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Two Conditions, One Airway: Co-managing Allergic Rhinitis and Asthma

Allergic rhinitis (AR), a common disorder that is strongly linked to asthma, often goes unnoticed in primary care; however, it can have a significant negative impact on a patient’s quality of life. Joint management of AR and asthma may lead to better control of both diseases.

Understanding Allergic Rhinitis

AR is an inflammatory disease that currently affects an estimated 40 percent of the population, and its prevalence is increasing. Epidemiological and pathophysiological studies indicate that rhinitis and asthma frequently coexist. Between 20 percent and 60 percent of patients with rhinitis have asthma, and up to 95 percent of patients with asthma have rhinitis. Current evidence indicates that AR may be one part of a systemic airway disease that involves the entire respiratory tract. Allergen provocation of the upper airways may lead to both a local inflammatory response in the nose and to inflammatory processes in the lower airways.

AR and Asthma

Rhinitis is one of the strongest independent risk factors for the onset and incidence of asthma. Additionally, it predicts poor asthma control. Compared with people who have no rhinitis, the odds of poor asthma control in people who have mild rhinitis is double. In people with severe rhinitis, poor asthma control more than quadruples.

Learn more on the connections between AR and asthma, the impact of AR on asthma medication use, the burden of AR on the patient population, and the differential diagnosis of AR in this MDBriefCase program, Two Conditions, One Airway: Co-managing Allergic Rhinitis and Asthma.

Treating Comorbid AR and Asthma

The treatment of AR involves allergen avoidance, pharmacotherapy, and immunotherapy, but many patients with AR remain symptomatic despite treatment. When assessing these patients, it is crucial to noteadherence to treatment, asthma inhaler techniques, and intranasal corticosteroid (INCS) technique.

Among the factors that should be considered when addressing adherence to treatment is the rationale behind the non-adherence. Some patients are not satisfied with their treatment regimen, and this can lead to poor adherence. Management of patients who did not respond to therapy will differ from treatment of patients who were non-adherent from the start.

According to the Allergic Rhinitis and its Impact on Asthma (ARIA) guidelines, treatment for AR should be based on how much the symptoms impact the patient’s day-to-day living, and clinicians should tailor treatment to the severity of the symptoms. First-line options include:

  • oral antihistamine
  • intranasal corticosteroid (INCS)
  • intranasal corticosteroid/intranasal antihistamine (INCS/INAH)

In patients with both AR and asthma, treatment of the AR symptoms may improve both AR and asthma symptoms.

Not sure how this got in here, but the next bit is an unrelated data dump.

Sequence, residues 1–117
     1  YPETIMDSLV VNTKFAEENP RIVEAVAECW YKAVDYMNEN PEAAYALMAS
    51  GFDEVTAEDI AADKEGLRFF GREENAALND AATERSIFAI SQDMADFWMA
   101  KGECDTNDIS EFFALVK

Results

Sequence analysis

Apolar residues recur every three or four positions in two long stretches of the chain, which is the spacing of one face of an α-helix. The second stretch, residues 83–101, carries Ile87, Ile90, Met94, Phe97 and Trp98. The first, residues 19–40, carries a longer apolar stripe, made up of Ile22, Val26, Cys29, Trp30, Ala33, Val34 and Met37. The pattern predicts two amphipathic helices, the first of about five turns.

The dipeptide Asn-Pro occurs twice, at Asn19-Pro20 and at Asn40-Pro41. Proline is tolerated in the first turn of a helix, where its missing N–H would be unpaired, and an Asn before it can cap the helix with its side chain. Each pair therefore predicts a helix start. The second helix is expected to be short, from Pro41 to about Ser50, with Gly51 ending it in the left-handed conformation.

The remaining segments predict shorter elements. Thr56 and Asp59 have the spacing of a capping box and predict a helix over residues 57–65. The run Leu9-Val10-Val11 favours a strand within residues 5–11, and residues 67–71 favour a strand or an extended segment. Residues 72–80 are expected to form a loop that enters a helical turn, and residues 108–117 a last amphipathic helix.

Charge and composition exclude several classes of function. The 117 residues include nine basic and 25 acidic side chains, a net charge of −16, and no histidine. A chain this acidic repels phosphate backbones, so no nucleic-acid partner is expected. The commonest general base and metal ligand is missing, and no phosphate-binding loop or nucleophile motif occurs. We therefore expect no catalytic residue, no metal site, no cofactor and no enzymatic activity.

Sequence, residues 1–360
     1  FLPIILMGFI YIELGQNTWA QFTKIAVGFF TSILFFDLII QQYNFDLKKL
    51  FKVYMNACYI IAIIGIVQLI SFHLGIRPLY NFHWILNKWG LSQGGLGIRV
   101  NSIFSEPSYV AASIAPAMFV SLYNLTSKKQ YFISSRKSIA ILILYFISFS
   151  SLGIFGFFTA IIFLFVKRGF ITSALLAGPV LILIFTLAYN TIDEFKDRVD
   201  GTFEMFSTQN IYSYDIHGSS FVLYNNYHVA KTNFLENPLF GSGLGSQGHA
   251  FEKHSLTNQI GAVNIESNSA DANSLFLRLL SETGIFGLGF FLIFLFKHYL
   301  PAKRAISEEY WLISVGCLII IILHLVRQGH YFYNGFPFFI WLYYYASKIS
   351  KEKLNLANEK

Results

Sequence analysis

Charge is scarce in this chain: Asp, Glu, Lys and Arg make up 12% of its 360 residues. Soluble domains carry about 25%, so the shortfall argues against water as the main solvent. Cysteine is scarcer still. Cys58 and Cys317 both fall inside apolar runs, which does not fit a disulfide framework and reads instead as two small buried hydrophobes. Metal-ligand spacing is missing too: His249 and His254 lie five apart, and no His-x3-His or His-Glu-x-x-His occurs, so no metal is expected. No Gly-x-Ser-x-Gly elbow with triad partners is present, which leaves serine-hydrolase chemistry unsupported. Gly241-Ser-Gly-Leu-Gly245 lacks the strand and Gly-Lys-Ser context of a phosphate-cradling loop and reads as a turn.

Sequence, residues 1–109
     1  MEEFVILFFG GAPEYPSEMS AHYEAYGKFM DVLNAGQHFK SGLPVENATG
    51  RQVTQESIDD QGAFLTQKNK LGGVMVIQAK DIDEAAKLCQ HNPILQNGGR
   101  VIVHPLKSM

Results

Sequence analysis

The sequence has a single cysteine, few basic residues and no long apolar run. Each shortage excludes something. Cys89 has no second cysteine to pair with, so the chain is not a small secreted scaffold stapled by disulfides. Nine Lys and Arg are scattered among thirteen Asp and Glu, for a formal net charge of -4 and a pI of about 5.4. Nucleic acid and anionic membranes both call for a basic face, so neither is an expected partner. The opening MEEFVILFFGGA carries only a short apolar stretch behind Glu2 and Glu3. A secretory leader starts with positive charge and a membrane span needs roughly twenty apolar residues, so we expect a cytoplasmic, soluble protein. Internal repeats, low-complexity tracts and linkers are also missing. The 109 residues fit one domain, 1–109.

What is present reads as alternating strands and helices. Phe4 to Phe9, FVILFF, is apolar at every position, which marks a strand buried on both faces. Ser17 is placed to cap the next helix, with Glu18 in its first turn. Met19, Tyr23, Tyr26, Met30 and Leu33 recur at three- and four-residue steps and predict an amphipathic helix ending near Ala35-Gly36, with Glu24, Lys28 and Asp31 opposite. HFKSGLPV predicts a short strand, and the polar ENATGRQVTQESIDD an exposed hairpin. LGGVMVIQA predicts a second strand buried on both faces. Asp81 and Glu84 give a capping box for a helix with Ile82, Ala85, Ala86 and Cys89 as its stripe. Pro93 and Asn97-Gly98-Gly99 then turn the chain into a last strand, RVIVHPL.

First-generation antihistamines such as diphenhydramine are no longer recommended for AR due to the high risk of significant adverse effects. Second-generation oral antihistamines are the first-line option for AR and may be sufficient to control mild AR symptoms. Second-generation antihistamines are generally well-tolerated, but common adverse effects include occasional sedation, dry mouth, and headache.

Intranasal Corticosteroids

Intranasal corticosteroids (INCS) are superior to oral antihistamines for nasal symptoms and can improve ocular AR symptoms. They have also been shown to reduce bronchial hyperreactivity and improve asthma control, but they have a slower onset of action than other treatments.

Both INCSs and inhaled corticosteroids (ICs) are designed to be locally active, so there is a low risk of systemic adverse effects unless combined with high-dose oral corticosteroids. However, when patients are taking both INCSs and ICs, the cumulative dose may result in systemic side effects.

If a patient doesn’t respond to INCS alone, stepping up to a combination of an INCS and an intranasal antihistamine (INAH) may improve symptoms. It can be more effective than INCS alone and starts to work in minutes. This combination should be considered in patients who need an immediate effect as well as in patients who don’t respond to INCSs.

Stepped-up Treatment

Patients who continue to experience bothersome symptoms may require stepped-up treatment, which is outlined in our course, Two Conditions, One Airway: Co-managing Allergic Rhinitis and Asthma. Patients who continue to have AR symptoms following stepped-up treatment may be candidates for immunotherapy.

Immunotherapy has shown positive effects on rhinitis; however, it takes at least three years to produce persistent beneficial effects, and it is contraindicated in patients with severe asthma and in patients taking beta-blockers.

Clinicians play a key role in individualizing therapy in patients suffering from comorbid allergic rhinitis and asthma – ensure you’re current on the latest clinical data and guideline recommendations to guide your treatment. Complete this accredited course today.
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